Protecting the cyber domain requires speedy responses. Mustering that speed will be a task reserved for autonomous cyber agents—software that chooses particular actions without prior human approval. Unfortunately, autonomous agents also suffer from marked deficits, including bias, unintelligibility, and a lack of contextual judgment. Those deficits pose serious challenges for compliance with international law principles such as proportionality.
In the jus ad bellum, jus in bello, and the law of countermeasures, compliance with proportionality reduces harm and the risk of escalation. Autonomous agent flaws will impair their ability to make the fine-grained decisions that proportionality entails. However, a broad prohibition on deployment of autonomous agents is not an adequate answer to autonomy’s deficits. Unduly burdening victim states’ responses to the use of force, the conduct of armed conflict, and breaches of the non-intervention principle will cede the initiative to first movers that violate international law. Stability requires a balance that acknowledges the need for speed in victim state responses while ensuring that those responses remain within reasonable bounds.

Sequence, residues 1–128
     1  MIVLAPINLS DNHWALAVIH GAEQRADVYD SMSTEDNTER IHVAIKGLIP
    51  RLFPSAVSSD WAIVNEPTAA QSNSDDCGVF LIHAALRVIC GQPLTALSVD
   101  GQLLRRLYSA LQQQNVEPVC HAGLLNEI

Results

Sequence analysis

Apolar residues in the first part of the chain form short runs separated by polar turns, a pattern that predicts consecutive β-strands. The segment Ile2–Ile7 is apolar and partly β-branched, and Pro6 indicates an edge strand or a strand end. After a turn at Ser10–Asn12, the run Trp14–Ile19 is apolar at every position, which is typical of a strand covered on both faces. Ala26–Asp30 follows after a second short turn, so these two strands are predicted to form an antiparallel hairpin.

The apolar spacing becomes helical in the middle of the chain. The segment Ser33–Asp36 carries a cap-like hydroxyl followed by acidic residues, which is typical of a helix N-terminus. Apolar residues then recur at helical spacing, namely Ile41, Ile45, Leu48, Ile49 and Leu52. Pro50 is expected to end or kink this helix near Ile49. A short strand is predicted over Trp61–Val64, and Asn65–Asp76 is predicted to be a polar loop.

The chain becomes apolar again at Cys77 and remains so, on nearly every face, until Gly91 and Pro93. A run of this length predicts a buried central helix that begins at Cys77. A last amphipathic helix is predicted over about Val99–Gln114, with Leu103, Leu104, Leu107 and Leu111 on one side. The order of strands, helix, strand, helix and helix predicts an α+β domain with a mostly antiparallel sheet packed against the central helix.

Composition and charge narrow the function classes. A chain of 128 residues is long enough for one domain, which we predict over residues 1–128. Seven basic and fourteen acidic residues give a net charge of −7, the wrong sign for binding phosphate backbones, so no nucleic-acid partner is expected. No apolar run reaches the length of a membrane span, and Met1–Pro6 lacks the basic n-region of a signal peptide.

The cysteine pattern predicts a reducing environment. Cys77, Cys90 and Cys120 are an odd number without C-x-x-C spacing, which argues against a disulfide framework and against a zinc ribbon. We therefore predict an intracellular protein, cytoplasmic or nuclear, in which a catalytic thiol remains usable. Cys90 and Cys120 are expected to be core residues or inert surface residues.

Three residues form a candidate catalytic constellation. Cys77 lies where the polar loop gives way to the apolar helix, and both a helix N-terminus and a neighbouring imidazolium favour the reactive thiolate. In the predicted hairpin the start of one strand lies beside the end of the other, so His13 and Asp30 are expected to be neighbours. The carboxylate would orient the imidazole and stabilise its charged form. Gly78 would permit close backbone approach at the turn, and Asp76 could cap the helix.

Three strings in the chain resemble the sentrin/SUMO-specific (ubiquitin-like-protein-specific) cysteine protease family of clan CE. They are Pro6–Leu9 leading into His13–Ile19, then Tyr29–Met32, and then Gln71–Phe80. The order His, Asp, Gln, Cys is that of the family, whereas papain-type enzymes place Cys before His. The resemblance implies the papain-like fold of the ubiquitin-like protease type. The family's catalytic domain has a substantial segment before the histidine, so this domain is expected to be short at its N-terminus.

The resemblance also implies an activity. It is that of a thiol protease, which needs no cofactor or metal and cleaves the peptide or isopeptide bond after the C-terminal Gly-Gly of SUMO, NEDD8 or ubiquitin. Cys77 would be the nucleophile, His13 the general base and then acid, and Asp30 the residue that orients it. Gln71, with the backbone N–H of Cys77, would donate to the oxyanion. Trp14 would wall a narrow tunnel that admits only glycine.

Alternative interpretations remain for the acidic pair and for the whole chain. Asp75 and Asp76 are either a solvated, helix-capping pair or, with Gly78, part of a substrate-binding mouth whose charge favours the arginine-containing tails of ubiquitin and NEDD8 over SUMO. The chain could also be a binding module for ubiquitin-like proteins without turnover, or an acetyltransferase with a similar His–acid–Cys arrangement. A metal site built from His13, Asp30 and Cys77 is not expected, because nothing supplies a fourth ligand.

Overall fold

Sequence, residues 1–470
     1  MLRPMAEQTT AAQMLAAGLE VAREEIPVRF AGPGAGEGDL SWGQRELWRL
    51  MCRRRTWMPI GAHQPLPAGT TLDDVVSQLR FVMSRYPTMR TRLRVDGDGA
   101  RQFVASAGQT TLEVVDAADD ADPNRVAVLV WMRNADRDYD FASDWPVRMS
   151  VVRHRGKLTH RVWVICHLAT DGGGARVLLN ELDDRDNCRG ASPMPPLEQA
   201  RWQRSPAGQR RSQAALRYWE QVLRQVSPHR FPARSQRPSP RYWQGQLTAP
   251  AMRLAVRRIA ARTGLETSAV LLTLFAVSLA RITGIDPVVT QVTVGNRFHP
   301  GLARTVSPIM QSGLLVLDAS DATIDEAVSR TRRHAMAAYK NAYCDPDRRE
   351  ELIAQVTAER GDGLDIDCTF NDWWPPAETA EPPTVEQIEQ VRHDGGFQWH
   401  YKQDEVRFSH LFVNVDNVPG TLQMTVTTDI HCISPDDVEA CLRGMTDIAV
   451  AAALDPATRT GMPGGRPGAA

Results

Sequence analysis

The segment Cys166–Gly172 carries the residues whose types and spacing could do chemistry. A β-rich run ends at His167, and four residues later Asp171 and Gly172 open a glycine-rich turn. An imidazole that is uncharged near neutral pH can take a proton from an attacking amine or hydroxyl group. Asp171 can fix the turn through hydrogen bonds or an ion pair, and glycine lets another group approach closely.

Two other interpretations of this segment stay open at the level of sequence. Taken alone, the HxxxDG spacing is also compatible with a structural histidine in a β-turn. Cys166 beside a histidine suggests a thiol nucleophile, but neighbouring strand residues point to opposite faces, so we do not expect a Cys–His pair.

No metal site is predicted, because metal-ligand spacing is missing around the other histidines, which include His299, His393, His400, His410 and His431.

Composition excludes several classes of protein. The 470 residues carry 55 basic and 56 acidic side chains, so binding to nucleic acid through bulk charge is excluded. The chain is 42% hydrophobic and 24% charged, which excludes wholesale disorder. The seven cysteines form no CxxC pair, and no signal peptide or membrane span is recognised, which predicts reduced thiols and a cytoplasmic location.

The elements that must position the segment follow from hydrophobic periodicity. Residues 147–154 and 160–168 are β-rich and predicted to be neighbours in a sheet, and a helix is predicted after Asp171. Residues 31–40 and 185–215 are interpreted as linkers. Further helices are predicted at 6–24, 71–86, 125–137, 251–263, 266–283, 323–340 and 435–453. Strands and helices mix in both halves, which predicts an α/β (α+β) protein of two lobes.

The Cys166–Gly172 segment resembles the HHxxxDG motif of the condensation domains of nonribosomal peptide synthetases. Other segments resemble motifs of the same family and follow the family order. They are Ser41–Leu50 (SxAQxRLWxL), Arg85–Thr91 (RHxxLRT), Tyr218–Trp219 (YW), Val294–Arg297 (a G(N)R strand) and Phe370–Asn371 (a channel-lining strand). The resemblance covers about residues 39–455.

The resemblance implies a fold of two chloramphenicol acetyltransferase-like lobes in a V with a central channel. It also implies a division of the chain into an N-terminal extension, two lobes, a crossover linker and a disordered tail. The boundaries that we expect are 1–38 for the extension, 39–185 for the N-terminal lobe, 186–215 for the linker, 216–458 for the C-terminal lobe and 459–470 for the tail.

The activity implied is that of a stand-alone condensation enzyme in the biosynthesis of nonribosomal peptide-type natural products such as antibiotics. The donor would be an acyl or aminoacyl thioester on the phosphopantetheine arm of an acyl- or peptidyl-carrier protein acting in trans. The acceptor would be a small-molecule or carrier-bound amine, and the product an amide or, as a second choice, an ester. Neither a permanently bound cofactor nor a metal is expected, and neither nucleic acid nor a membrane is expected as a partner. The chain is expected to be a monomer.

The approach taken in this Article seeks to accomplish that goal by requiring victim states to observe feasible precautions in the use of force and countermeasures, as well as the conduct of armed conflict. Those precautions are reconnaissance, coordination, repair, and review. Reconnaissance entails efforts to map an adversary’s network in advance of any incursion by that adversary. Coordination requires the interaction of multiple systems, including one or more that will keep watch on the primary agent. A victim state must also assist through provision of patches and other repairs of third-party states’ networks. Finally, planners must regularly review autonomous agents’ performance and make modifications where appropriate.
These precautions will not ensure compliance with the principle of proportionality for all autonomous cyber agents. But they will both promote compliance and provide victim states with a limited safe harbor: a reasonable margin of appreciation for effects that would otherwise violate the duty of proportionality. That balance will preserve stability in the cyber domain and international law.